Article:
Sara’s Review of Rules for a Rogue by Christy Carlyle


I’d like to thank Tasty Book Tours for providing me with the opportunity to participate in this tour event, and thanks to Avon Impulse for providing me with a copy of the book in exchange for my honest review. If you would like to see all of the blogs involved in this tour, please click on the banner above, murr! =^.^=


Rating: paw3

Publisher: Avon Impulse

Date Released: November 1, 2016

Series: Romancing the Rules #1

Goodreads Description:

From the USA Today bestselling author of ONE DANGEROUS DESIRE comes a sparkling new series about a rogue who must learn how to follow the rules and a woman who wants to break all of them, perfect for fans of Maya Rodale and Lorraine Heath.

Kit Ruthven’s Rules (for Rogues)

#1 Love freely but guard your heart, no matter how tempting the invader.

#2 Embrace temptation, indulge your sensual impulses, and never apologize.

#3 Scorn rules and do as you please. You are a rogue, after all.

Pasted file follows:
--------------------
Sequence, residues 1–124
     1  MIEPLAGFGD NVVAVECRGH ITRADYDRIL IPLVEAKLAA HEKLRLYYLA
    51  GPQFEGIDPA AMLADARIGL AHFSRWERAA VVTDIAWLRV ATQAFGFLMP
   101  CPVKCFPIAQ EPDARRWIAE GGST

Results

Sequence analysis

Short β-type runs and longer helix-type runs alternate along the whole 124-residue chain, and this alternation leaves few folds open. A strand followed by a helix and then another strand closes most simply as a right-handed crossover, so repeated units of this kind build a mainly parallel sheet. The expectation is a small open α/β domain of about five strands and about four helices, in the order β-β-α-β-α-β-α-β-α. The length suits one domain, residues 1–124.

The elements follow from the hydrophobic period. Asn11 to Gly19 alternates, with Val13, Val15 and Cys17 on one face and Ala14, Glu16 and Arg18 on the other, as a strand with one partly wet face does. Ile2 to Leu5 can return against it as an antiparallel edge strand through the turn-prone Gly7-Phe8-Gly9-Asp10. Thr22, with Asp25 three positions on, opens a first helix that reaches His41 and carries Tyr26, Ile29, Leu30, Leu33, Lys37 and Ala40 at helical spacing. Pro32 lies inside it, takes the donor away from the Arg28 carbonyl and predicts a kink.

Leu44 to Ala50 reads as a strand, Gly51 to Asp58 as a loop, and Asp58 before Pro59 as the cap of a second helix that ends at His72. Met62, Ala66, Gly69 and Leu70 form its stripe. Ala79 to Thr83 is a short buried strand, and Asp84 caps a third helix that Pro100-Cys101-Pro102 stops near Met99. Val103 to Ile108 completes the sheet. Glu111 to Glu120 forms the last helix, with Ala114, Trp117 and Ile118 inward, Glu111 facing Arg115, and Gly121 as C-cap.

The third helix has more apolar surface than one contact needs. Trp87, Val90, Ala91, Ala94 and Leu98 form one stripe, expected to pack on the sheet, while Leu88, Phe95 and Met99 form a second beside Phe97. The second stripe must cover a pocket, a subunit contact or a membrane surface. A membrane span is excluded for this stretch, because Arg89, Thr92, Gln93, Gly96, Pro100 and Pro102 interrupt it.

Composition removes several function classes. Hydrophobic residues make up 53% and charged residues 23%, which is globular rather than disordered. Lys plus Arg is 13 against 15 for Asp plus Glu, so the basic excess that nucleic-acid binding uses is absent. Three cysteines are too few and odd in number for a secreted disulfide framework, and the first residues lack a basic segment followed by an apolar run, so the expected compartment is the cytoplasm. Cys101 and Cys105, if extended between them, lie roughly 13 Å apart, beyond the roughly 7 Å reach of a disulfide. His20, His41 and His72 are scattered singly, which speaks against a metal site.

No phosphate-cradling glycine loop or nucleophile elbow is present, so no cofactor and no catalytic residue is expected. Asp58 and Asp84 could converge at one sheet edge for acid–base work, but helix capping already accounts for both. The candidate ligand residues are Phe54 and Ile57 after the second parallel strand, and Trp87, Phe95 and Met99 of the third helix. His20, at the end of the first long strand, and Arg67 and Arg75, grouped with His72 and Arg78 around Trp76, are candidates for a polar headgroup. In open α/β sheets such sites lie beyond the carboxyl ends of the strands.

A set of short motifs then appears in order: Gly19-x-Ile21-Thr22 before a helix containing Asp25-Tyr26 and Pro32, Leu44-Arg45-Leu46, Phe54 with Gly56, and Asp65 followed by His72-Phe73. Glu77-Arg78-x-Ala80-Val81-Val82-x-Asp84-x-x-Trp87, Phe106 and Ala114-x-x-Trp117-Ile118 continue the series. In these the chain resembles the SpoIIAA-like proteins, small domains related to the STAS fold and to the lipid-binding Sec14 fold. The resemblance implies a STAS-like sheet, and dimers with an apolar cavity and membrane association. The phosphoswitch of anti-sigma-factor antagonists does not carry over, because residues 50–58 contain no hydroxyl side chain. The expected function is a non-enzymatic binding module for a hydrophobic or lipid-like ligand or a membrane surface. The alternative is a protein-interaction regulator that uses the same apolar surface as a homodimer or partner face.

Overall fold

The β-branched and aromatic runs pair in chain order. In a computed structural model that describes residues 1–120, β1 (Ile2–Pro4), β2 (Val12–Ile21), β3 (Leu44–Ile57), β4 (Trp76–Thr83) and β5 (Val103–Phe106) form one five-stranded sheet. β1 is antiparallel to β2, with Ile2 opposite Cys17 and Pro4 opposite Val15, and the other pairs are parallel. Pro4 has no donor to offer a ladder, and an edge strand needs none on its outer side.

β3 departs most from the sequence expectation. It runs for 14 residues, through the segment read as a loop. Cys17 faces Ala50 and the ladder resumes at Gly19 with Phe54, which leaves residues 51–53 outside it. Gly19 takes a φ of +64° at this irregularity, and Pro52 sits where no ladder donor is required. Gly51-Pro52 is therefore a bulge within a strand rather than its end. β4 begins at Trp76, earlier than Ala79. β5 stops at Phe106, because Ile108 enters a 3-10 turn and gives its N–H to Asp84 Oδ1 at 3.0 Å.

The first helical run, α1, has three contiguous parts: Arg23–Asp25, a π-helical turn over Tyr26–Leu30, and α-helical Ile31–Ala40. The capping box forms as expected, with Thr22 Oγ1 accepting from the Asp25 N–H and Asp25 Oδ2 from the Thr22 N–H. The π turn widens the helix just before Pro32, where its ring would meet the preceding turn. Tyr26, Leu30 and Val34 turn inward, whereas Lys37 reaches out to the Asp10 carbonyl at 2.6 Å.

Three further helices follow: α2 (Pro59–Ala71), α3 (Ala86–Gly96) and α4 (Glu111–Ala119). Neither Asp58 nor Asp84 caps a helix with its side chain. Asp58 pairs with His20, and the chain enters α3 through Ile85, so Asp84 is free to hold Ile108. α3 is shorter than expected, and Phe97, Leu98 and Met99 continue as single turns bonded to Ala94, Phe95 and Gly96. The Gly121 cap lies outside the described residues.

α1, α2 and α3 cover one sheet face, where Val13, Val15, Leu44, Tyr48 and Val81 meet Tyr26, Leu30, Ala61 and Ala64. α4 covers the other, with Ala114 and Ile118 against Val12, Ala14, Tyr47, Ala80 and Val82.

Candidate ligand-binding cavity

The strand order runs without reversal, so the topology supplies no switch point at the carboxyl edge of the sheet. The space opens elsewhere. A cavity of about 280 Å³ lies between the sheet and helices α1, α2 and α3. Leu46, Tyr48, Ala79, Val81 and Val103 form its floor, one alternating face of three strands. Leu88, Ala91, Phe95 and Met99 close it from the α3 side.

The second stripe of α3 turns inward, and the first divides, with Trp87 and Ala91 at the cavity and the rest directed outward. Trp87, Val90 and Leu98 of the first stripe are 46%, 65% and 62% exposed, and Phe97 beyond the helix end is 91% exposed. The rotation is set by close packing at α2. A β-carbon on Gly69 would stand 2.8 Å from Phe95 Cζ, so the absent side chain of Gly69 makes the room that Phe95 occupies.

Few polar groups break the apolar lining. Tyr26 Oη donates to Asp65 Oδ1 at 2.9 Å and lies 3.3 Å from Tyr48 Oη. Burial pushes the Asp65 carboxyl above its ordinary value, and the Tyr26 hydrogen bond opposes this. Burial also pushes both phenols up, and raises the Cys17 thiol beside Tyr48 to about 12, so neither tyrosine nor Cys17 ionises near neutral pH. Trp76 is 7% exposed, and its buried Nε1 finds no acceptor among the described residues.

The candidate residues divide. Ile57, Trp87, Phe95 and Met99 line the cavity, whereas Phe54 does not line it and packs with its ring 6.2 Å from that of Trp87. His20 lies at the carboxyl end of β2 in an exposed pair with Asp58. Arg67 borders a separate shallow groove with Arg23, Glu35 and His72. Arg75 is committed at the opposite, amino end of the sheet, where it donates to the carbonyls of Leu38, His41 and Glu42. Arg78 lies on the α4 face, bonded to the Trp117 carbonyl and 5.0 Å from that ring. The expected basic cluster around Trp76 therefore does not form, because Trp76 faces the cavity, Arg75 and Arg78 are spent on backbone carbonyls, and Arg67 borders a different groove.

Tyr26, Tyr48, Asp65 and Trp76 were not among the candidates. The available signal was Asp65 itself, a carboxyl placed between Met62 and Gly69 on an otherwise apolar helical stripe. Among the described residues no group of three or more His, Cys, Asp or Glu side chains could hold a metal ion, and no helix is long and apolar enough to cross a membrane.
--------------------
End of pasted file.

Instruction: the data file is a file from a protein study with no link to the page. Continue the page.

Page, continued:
Following the rules never brought anything but misery for Christopher “Kit” Ruthven. After rebelling against his controlling father and leaving the family’s Ruthven Rules etiquette book empire behind, Kit has been breaking every one imaginable for the past six years. He’s enjoyed London’s sensual pleasures and secured his reputation as a Rogue, but he’s failed to achieve success. When he inherits his father’s publishing business, Kit is forced back into the life he never wanted. Worse, he must face Ophelia Marsden, the woman he jilted but never forgot.

After losing her father and refusing a loveless marriage proposal, Ophelia has learned to rely on herself. To maintain the family home and support her younger brother, she tutors young girls in deportment and decorum. But her pupils would be scandalized if they knew their imminently proper teacher was also the author of a guidebook encouraging ladies to embrace their independence and overthrow outdated notions of etiquette like the Ruthven Rules.

As Kit rediscovers the life, and the woman, he left behind, Ophelia must choose between the practicalities she never truly believed in, or the love she’s never been able to extinguish.